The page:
Commonly known as William of Orange or ‘King Billy’, William III ruled England jointly with his wife Mary from 1689 until her death in 1694, carrying on alone until his own passing in 1702. Groomed to lead the powerful Dutch Orange Order, fear of a Catholic succession in Protestant England would see him add this foreign throne to his natural birthright.
William’s invasion force landed in Devon in 1688. The English monarch James II, who chose not to fight, was captured and then exiled in France. Early the following year William and Mary were offered the English throne in the ‘Glorious Revolution’ but James was not prepared to sit idly by. Landing in Ireland in 1689 with French troops supplied by William’s sworn enemy, Louis XIV of France, James II intended to use the country as a base for invasion, only to be defeated by William at the Battle of the Boyne in 1690.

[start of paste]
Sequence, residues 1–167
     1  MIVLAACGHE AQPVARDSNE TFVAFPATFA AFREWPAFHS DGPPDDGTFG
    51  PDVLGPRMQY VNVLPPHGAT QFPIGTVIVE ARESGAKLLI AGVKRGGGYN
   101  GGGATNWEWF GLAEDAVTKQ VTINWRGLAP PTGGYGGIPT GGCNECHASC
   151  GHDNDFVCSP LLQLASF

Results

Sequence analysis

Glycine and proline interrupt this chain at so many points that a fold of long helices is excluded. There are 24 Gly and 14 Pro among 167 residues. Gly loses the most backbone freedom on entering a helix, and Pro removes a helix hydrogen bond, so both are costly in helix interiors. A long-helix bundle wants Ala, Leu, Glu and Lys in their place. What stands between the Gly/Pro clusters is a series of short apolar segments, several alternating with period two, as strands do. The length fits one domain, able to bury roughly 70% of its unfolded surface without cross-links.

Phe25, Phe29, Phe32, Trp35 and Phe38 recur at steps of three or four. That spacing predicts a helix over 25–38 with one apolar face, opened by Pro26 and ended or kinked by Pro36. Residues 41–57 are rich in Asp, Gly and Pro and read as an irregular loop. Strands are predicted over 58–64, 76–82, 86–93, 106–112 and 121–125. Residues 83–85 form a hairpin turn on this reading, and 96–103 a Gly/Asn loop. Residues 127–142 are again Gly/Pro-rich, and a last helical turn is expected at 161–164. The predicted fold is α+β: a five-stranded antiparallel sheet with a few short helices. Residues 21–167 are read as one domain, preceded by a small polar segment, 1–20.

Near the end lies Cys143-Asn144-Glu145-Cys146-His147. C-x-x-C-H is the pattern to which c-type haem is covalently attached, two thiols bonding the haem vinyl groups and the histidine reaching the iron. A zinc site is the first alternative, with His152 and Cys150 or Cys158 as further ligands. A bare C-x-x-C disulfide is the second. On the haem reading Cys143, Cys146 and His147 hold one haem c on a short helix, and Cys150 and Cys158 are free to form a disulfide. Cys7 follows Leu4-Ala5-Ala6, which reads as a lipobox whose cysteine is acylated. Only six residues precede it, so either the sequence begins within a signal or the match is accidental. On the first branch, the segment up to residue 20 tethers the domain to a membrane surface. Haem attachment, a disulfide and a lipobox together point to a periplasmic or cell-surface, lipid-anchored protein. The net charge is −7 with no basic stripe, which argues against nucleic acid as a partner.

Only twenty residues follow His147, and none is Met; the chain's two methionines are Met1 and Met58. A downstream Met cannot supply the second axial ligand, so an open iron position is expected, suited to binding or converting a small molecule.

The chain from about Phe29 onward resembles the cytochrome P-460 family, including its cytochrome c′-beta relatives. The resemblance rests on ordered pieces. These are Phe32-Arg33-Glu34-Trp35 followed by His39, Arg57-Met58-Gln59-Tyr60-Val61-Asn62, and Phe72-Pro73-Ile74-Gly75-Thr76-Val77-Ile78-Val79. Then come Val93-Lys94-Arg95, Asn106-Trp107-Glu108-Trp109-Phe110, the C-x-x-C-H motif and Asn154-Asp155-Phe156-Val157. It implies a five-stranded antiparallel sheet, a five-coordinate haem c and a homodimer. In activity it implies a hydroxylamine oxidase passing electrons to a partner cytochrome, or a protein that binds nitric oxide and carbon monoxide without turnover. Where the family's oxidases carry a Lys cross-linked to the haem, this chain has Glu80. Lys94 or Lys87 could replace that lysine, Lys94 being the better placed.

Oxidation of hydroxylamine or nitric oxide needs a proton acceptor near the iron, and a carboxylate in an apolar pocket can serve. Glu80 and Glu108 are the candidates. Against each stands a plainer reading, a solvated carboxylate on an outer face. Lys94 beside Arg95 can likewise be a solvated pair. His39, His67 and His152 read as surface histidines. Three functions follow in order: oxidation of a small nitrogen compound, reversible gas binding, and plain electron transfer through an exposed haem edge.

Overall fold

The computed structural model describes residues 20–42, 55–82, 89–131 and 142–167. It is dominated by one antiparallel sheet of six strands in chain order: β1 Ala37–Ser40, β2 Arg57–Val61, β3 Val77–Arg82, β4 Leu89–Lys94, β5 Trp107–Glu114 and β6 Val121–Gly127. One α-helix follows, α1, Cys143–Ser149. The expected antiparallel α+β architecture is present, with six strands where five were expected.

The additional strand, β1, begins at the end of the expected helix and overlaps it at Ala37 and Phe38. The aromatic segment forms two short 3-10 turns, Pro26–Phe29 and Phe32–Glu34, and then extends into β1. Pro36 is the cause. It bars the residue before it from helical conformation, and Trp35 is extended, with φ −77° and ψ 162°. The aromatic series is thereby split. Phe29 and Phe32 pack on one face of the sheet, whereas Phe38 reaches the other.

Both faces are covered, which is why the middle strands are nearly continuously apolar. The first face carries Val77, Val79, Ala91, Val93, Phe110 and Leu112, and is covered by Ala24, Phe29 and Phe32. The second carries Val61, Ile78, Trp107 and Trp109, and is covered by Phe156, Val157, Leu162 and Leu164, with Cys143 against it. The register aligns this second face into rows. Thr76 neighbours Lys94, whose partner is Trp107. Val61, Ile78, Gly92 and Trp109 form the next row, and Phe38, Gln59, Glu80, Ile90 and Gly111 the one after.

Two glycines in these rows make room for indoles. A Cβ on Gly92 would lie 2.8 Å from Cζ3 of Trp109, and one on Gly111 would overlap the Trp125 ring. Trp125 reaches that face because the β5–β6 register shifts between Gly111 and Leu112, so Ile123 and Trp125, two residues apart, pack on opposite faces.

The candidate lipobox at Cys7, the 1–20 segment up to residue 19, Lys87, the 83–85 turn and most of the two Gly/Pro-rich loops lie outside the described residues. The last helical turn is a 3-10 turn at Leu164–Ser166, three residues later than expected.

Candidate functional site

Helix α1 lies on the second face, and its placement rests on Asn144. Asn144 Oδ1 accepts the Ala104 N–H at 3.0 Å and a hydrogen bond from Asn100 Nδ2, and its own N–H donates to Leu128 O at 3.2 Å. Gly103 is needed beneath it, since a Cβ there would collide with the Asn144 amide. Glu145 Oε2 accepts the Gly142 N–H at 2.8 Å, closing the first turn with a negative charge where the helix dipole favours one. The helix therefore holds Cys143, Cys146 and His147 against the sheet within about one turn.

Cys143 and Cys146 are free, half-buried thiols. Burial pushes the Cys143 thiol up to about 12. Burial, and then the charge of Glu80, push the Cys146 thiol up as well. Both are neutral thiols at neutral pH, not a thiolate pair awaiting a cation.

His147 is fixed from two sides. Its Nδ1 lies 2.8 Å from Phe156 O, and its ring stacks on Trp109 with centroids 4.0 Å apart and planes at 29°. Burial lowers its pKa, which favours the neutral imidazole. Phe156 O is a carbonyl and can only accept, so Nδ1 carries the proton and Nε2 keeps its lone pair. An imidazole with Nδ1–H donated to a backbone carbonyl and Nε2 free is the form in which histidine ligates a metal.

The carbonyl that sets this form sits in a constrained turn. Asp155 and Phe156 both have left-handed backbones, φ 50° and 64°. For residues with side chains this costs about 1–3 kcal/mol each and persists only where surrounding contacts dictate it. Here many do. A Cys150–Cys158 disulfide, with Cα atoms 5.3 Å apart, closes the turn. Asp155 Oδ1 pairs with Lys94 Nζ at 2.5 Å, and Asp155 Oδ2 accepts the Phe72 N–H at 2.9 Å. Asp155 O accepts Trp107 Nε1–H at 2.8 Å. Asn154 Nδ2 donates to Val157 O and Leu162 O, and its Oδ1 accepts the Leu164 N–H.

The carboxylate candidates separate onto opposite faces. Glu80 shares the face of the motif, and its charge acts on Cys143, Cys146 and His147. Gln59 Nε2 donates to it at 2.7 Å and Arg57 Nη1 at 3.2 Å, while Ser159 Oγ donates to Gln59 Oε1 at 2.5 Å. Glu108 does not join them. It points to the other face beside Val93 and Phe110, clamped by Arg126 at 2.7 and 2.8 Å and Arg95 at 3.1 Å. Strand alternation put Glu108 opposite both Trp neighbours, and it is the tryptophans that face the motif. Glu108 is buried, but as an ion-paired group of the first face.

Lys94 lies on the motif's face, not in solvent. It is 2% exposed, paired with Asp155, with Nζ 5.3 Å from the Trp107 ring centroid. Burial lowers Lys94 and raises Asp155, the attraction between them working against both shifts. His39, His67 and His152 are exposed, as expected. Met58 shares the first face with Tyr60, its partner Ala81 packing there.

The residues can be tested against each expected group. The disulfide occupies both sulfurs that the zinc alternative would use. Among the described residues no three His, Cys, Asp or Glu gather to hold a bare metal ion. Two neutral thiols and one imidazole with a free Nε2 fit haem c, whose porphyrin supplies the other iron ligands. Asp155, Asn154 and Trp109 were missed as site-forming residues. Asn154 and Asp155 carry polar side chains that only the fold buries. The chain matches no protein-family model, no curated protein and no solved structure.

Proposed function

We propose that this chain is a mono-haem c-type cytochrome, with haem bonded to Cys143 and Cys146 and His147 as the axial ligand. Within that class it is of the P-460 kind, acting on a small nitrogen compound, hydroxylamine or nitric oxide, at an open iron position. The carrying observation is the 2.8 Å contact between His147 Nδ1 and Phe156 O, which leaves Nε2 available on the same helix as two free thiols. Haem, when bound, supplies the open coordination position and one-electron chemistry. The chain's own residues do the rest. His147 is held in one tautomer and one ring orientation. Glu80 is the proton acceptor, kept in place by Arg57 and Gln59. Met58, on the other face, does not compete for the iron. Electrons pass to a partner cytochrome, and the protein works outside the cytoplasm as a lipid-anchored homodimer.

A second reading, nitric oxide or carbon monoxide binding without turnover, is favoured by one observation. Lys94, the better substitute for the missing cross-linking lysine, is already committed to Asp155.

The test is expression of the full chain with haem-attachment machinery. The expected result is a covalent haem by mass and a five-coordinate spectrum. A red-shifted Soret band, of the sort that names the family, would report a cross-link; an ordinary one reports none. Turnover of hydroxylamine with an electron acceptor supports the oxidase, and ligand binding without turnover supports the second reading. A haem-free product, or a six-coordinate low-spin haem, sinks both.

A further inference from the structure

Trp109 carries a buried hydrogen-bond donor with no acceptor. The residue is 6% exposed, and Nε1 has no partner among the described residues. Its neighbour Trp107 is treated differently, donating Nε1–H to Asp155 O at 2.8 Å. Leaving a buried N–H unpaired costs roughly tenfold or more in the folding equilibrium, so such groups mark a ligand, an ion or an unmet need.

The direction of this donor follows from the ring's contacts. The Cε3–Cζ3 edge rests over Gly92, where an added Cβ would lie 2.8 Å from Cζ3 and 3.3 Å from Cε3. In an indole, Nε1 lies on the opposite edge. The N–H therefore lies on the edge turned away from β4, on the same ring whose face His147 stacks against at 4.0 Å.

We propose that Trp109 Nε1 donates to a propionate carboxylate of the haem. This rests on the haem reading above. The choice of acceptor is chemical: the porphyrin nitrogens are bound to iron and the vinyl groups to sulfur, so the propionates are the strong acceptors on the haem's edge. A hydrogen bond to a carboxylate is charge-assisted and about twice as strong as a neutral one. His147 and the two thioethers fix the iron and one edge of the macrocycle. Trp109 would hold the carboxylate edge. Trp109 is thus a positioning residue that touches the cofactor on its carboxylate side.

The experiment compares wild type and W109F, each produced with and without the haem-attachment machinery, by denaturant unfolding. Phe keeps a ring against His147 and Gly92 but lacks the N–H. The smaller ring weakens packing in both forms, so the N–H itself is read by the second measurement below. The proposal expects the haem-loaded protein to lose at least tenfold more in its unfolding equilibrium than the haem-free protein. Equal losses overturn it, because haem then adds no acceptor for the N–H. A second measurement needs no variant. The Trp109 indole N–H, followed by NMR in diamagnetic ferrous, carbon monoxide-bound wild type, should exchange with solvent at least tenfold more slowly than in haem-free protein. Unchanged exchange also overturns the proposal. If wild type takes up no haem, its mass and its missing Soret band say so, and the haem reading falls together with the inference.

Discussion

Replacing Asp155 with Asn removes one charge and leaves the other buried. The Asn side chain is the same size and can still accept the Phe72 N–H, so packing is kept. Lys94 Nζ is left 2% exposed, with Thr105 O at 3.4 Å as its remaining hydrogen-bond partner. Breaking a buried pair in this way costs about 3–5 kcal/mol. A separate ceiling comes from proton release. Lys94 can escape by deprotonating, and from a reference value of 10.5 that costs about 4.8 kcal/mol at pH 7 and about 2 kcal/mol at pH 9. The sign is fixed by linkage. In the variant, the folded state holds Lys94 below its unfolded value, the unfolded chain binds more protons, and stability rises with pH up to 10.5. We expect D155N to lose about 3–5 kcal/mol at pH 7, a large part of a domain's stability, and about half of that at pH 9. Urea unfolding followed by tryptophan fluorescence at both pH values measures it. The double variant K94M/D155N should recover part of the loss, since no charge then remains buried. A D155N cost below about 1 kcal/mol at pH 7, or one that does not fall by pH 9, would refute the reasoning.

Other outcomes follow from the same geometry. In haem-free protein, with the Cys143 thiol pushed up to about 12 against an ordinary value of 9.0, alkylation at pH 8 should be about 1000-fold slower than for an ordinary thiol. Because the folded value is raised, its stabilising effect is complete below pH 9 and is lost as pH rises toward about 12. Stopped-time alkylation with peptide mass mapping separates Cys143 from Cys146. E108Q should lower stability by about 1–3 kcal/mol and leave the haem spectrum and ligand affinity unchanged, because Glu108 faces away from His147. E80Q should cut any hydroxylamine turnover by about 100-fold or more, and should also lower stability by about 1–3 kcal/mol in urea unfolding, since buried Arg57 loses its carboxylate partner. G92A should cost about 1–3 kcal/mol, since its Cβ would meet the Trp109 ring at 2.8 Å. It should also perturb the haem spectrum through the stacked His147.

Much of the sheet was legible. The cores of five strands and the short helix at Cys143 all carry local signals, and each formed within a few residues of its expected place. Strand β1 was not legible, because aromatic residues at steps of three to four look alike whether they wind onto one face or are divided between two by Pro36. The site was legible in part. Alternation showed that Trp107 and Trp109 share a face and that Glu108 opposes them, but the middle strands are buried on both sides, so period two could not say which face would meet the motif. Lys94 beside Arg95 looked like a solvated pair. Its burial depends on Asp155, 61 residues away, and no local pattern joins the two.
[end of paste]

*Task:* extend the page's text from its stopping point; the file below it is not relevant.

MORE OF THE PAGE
Crowns have a long history, derived from a gold coin introduced by Henry VIII in 1526 to replace the Sovereign. The gold of that Sovereign was too soft, so hard-wearing crown gold was introduced. This has been the standard of British gold coins ever since. In 1551 coins of the same size and weight but made from silver were brought in. They adopted the name crown from the gold version and became the sole carrier of that name after 1662, when gold crowns were no longer produced. This coin is offered in ‘Fine or Better’ condition, retaining the clarity and definition of its crowned cruciform design.